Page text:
Wiretapping and/or covert recording at Landrieu's office
Defenders of the four men who admit they scammed their way into Sen. Mary Landrieu's office and tried to tamper with her telephone are claiming that the guys were just checking her phone system to make sure that she hadn't "done something" to her telephones to make it easier for her to ignore constituents who were calling to complain about her stance on health care reform. This technology does exist. We call it voicemail.
The affidavit doesn't specify exactly what James O'Keefe, Robert Flanagan, Joseph Basel, and Stan Dai intended to do with Mary Landrieu's federally-owned phone system. It just alleges that they planned on "maliciously interfering" with it. Bugging is a time honored way of interfering with the phones of politicians.
Robert Flanagan's lawyer swears up and down that his client wasn't trying to wiretap the phone. That's nice. He can say whatever he wants to the press. Let's see what he says in court. O'Keefe's lawyer won't say why his client was at the office, or whether he was working for someone else.
The affidavit is just the first step. It's a summary of the evidence the feds needed to arrest these guys. It's not even an indictment. The state's allegations will probably come into sharper focus later on.
When they first arrived, "repairmen" Basel and Flanagan played with the phone at the reception desk for a bit while O'Keefe filmed them on his cell phone. Basel called--or pretended to call--the reception phone with his cell. He announced that it didn't work.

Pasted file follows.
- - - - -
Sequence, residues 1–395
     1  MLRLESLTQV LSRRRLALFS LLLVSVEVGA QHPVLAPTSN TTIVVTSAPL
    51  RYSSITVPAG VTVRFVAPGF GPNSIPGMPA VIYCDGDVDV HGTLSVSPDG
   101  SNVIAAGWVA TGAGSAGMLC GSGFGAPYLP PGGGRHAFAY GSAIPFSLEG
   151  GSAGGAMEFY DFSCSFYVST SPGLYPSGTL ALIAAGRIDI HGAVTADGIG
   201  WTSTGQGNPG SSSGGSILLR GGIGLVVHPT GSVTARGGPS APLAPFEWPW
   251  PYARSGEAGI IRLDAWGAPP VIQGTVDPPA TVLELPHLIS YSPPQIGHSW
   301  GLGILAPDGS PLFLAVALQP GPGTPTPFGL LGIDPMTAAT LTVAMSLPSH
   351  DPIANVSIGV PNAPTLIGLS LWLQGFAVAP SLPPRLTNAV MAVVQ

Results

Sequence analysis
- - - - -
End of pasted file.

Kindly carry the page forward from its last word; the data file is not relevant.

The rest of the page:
Up until this point it seems like the guys might have been trying to expose Mary Landrieu's purportedly scandalous voicemail system. Riveting teevee for the over-80 set, I'm sure.
The phony repairmen headed for the main telephone cabinet, but they were stopped by a GSA employee who refused to believe the old "left our credentials in the truck" excuse.
What on earth were they looking for in the main cabinet? Anyone who could diagnose how Landrieu screens her calls by glancing in the main cabinet presumably knows enough about phones to place a wiretap.
A federal law enforcement official told the AP that Stan Dai was arrested in a car near Landrieu's office with electronic listening equipment. That equipment isn't mentioned in the affidavit. I called the US Attorney's office to ask why not, but they said they couldn't offer any further comment because the case is ongoing.
Maybe the accused perps are the only ones who know what they intended to do with Landrieu's telephones. The thing is, they were busted before they could do much of anything.
The FBI agent already had more than enough evidence to charge the men: based on eyewitness accounts and their confessions. The affidavit was sworn just hours after the incident. You can't say more in an affidavit than you can swear to under oath. When the special agent signed the affidavit, law enforcement officials may not have examined the equipment closely enough to draw firm conclusions about how the suspects intended to use it.
Besides which, these four wouldn't be the first privileged, well-connected individuals to be charged with lesser crimes than the evidence against them would appear to support. Robert Flanagan's father is an acting U.S. Attorney in Shreveport. It would be much more politically embarrassing for him if his son was implicated in an attempted wiretapping of a Louisiana senator's office, as opposed to a dumbass right wing video stunt.
The affidavit indicates that the suspects confessed immediately. (Somehow, I doubt enhanced interrogation techniques were necessary.) The authorities may have rewarded them for their ready cooperation by not digging too deeply into their motives for spelunking in Landrieu's phone cabinet.
Just because the affidavit doesn't use the word "wiretapping" doesn't mean that the men aren't suspected of wiretapping. They're innocent of everything until proven guilty. But wiretapping seems like a more plausible motive for trying to get into the main phone cabinet than exposing suspicious call waiting practices.